Who's afraid of the big, bad NC?


6 min read
CNET News.com Newsmakers
September 9, 1996, Andy Grove
Who's afraid of the big, bad NC?
By Margie Wylie, Richard Hart, and Brooke Crothers
Staff Writers, CNET NEWS.COM

Andy Grove isn't a pop icon, but he ought to be.

Grove is one of only a handful of people responsible for transforming the computer into a cultural phenomenon. A Hungarian immigrant, who remains just plain Andy to friends and business colleagues, Grove is more professor than icon, more elder statesman than rock star. Intel may have rung up $16.2 billion in total revenues last year, but Grove still teaches a college course, writes management books, and following a bout with prostate cancer last year, wrote with candor about the intimate details of his treatment.

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Grove likes to say that "only the paranoid survive." What does the head of the world's biggest personal computer chip maker have to be paranoid about? The consumer electronics market. While making up half of the "Wintel" consortium that dominates the personal computer market, Grove still manages to count among friends and admirers not only Bill Gates, but Microsoft foe Larry Ellison and Steve Jobs. Grove thinks that not only will the personal computer do just fine in the home, it will flourish; no need for the network computer. Or will it? We chatted with him about his faith in the PC, Intel's vision for the Internet and its abandoned plans to hook into the consumer market through cable modems.

Intel is a CNET investor.

NEWS.COM: You've said in the past that the PC is the TV of the future. Yet you haven't been very vocal about the network computer (NC). Why not?
Grove: I haven't been because I thought that the NC was going to become a PC. When the Web started people would do very simple static Web pages. Static Web pages are as boring as cold fish. So, we've basically got to get a high-performance PC as the network computer.

NEXT: NC a marketing ploy

Andy Grove

Age: 59

Grove's Law: "Only the paranoid survive."

Thrills: Teaching college business courses, writing books.

Latest book: "Only the Paranoid Survive," Doubleday

CNET News.com Newsmakers
September 9, 1996, Andy Grove
NC a marketing ploy

Why not just connect a CD-ROM to an NC?
You know, the definition of an NC has changed three or four times in the last month. The fact that you mention a local CD-ROM drive, that is no longer a network computer. You just described a personal computer; I'm not sure what the difference is anymore. I think the world is going to be personal computers, connected to the Internet, that have the full resources of a high-performance personal computer available to augment the whole experience.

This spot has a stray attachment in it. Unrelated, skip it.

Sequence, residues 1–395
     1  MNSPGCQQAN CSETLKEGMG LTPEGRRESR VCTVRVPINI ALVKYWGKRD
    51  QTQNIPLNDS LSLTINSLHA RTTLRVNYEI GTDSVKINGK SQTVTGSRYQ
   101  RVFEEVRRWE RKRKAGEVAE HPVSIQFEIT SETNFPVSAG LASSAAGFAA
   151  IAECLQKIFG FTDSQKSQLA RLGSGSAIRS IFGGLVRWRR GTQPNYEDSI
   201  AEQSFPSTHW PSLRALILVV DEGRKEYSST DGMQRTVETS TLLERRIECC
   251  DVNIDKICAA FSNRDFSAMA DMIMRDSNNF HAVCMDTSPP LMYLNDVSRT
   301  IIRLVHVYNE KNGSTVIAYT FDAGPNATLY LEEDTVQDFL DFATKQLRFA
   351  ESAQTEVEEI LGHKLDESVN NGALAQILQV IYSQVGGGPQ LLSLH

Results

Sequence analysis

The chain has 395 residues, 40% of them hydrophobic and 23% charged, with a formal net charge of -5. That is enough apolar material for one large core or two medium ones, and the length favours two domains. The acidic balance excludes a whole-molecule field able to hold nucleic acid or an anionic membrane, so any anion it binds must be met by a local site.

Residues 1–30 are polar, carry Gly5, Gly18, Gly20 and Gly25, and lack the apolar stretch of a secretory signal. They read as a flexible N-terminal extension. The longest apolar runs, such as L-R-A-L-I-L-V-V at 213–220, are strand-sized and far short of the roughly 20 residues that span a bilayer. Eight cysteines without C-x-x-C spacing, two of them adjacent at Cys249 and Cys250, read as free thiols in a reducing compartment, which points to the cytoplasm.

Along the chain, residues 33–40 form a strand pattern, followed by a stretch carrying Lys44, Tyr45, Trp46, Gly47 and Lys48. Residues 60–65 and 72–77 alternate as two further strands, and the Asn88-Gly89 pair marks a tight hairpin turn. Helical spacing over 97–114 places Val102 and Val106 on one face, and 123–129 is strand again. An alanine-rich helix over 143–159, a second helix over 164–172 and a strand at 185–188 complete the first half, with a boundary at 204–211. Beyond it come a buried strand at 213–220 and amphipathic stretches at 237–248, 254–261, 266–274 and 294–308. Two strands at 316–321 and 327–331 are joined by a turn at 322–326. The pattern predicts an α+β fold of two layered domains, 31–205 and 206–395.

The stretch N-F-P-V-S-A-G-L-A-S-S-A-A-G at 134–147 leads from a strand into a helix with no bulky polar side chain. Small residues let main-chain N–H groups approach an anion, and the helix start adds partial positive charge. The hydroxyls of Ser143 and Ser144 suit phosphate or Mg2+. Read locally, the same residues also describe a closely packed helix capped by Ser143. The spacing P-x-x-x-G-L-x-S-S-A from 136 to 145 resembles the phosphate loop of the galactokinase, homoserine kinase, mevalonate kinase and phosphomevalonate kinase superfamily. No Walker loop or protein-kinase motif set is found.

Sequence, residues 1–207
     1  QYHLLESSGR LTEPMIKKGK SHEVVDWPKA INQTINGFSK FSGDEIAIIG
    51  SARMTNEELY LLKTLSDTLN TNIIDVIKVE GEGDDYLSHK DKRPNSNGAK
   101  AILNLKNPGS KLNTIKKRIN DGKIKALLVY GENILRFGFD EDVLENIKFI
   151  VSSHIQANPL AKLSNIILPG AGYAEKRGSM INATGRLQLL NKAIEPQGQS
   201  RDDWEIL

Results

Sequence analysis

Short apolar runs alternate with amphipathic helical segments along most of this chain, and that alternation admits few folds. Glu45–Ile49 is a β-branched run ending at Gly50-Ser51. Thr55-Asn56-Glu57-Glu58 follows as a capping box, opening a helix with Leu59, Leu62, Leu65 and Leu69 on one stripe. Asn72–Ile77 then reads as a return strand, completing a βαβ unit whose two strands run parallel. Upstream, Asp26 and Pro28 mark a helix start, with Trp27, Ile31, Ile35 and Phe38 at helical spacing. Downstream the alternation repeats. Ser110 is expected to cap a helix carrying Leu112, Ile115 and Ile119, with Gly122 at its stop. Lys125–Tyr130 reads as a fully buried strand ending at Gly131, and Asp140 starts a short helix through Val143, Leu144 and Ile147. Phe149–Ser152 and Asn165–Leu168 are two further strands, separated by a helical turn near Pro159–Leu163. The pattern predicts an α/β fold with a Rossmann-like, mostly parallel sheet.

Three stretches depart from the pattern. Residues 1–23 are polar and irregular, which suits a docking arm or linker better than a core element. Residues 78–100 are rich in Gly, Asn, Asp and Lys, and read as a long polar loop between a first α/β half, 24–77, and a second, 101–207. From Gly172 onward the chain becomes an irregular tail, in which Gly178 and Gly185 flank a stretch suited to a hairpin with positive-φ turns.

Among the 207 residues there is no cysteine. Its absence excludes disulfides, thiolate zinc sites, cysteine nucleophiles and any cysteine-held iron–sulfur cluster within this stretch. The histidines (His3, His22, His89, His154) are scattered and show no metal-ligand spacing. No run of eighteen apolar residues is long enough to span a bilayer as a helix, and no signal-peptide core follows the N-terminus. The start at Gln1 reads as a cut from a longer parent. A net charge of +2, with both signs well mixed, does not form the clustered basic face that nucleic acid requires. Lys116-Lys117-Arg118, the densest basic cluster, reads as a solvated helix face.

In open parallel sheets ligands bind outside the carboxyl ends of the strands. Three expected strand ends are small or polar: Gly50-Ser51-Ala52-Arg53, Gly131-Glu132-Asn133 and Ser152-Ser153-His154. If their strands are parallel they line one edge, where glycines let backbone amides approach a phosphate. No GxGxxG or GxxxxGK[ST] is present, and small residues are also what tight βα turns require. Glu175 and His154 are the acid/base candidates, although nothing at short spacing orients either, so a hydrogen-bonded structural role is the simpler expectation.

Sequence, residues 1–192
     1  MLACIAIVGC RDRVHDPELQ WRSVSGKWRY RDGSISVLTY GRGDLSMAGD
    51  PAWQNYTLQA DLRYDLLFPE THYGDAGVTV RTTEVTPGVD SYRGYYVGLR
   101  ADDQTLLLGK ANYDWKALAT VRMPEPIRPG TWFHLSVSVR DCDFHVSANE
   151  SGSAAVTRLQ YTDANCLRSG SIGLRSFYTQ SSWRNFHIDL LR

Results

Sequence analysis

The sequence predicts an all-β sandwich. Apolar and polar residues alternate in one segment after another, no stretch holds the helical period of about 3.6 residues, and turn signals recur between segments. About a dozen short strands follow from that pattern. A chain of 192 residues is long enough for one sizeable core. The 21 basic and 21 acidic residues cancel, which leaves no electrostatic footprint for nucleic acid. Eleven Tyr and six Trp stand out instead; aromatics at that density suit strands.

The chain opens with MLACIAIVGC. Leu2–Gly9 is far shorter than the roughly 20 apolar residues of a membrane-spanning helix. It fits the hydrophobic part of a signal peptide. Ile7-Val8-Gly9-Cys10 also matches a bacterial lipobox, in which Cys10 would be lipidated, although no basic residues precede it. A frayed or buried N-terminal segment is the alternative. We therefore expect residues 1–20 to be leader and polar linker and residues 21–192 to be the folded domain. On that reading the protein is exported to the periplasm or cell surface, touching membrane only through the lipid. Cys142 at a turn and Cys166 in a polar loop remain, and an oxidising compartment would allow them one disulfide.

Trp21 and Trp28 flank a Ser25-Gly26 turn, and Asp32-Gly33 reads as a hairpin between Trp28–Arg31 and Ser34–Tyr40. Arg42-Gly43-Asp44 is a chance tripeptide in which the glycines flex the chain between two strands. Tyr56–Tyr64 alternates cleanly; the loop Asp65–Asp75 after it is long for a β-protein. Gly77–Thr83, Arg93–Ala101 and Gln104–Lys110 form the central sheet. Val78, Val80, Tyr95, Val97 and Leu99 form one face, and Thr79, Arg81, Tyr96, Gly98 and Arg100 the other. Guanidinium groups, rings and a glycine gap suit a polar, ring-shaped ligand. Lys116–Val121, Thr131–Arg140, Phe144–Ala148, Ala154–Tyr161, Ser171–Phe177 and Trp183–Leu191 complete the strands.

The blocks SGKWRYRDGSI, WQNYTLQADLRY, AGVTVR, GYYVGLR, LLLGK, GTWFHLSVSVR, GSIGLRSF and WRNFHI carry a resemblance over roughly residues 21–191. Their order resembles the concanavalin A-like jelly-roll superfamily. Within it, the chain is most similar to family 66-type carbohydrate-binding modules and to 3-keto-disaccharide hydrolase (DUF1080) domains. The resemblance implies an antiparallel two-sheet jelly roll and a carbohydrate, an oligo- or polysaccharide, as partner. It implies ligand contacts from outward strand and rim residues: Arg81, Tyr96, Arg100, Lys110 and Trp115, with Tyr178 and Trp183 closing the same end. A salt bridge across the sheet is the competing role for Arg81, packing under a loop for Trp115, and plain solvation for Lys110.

So has the NC just been a marketing ploy?
It was a ploy to exclude Microsoft software. It's not going to work. How many Netscape browsers operate without being loaded on Windows?

About those static Web pages, don't small pages load faster?
If you're going to track a UPS package, you don't want dancing girls. There's a range of Web applications.

Have you made any projections as to what percentage content, say in the year 2000, is going to be UPS kind of content and what percentage is going to be dancing-girls kind of content?
A year ago would anyone believe that PBS would carry URLs? All you can do with this is get in the water and let it sweep you along. It's a revolutionary phenomenon. And revolutionary phenomena come from one of two rules: shit happens or Moore's law. What's happening here is data transmission has improved 100 to 1,000-fold. That's enough for two revolutions.

That leads us back to the question of the network computer. You may not need more (of a computer) to track a UPS package, but, hey, you might as well buy a little bit more processing. It's only going to cost you $100.

Why wouldn't a competitive product be a telephone handset on a packet-switched network?
It may be a decent product to do a telephone handset on a packet network. It may be useful and could be a very cheap instrument: $100.